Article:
Day 1: The cohort splits at the Rainy Pass parking lot off Highway 20 and heads down the Bridge Creek Trail. Separation anxiety attempts to set in, but the scenery is too captivating. Later, the pain is too great. Ten day’s worth of food, scores of switchbacks. We are broken in and make it, dragging, to McAllister Lake. Midnight lightening storms trigger visions of an electric death, or a ecstatic rave.

Day 2: Subalpine meadows stretch like Oz through McAllister Pass. We’re a little late for a wildflower explosion, but we still spy the indigo gentian and some older chartreuse ribbons of false hellebore. We make it to Bench Creek, with its manzanita mats and forest of spindly snags.

Day 3: Solo hikes to Rainbow Lake. Learn the riddle “Green Glass Door” (“a tree/puppy/moss/apple can go through a green glass door, but a flower/dog/fern/banana can’t,” etc.) which will prove an invaluable tool a month later in Mountain School. It’s a treat to have some time alone, with letters to friends and a screechy pennywhistle. In the evening, we huddle under the group tarp as it hails hard and heavy for five solid minutes. There’s a mini-avalanche, ice the size of Whoppers, into our cozy cookspace, and into David’s bivy sac.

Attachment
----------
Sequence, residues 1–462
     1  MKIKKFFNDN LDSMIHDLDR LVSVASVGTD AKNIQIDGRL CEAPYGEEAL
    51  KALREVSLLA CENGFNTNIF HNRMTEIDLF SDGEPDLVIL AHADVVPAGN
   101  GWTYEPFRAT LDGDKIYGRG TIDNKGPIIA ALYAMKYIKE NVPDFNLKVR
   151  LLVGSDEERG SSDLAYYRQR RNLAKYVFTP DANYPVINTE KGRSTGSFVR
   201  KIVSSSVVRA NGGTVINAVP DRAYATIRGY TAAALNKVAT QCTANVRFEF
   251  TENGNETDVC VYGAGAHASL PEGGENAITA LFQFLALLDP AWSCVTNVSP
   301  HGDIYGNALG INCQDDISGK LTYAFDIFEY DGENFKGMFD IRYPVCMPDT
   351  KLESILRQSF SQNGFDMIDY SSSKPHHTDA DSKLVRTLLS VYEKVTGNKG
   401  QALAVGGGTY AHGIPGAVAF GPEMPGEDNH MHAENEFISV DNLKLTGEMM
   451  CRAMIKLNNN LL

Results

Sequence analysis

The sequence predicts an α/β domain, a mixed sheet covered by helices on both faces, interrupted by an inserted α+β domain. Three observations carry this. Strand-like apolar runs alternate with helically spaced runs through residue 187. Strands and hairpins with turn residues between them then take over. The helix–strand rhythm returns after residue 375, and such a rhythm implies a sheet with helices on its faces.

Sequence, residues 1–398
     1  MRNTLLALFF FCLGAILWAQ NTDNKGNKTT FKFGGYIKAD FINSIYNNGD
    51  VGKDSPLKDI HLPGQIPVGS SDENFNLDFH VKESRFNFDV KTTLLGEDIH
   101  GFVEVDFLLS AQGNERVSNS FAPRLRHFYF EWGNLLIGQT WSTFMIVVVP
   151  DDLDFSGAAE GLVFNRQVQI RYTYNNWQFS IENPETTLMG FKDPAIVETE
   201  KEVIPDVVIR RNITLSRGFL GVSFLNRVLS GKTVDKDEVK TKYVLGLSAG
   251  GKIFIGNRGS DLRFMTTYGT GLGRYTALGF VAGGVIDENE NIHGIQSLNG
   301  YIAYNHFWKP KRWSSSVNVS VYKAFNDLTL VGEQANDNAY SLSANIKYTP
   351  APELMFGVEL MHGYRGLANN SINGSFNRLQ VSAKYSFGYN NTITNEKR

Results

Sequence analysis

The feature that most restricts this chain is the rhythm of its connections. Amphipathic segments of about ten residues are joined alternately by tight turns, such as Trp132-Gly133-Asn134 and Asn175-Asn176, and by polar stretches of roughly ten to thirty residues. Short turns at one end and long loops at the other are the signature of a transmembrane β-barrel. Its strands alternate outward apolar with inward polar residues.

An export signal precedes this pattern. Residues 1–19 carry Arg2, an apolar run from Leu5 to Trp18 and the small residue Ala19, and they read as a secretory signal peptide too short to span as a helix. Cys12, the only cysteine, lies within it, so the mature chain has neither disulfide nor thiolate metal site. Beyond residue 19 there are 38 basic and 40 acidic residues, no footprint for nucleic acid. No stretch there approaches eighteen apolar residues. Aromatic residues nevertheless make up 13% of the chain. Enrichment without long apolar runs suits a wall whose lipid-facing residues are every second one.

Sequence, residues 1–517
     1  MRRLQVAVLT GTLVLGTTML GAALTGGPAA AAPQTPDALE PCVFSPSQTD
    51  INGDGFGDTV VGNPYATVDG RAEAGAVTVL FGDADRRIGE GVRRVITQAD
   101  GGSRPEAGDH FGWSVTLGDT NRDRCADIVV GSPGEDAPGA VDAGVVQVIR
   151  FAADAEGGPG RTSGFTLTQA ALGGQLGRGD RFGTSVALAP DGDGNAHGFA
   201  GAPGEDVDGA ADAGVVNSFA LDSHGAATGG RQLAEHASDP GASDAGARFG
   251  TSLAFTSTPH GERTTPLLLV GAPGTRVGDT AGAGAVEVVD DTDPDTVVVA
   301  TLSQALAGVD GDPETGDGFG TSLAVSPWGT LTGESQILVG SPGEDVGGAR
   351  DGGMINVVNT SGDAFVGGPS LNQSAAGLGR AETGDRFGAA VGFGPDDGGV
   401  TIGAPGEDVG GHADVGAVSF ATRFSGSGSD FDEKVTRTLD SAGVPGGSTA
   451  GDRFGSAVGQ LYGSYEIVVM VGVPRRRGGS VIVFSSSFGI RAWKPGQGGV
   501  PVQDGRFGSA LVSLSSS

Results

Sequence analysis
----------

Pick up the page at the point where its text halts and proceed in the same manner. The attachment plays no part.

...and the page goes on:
Day 4: Descent into Stehekin, traipsing through where the Rainbow Bridge Fire lived in 2010. The remnants offer a picturesque contrast: Charred snags and standing pines, magenta fireweed coming in like a beautiful weed and offering fixed nitrogen to the altered landscape. What will Stehekin be like, this controversial little National Park inholding? We were just starting to accumulate a backcountry layer of dirt and blood. Could it be too soon to re-enter civilization?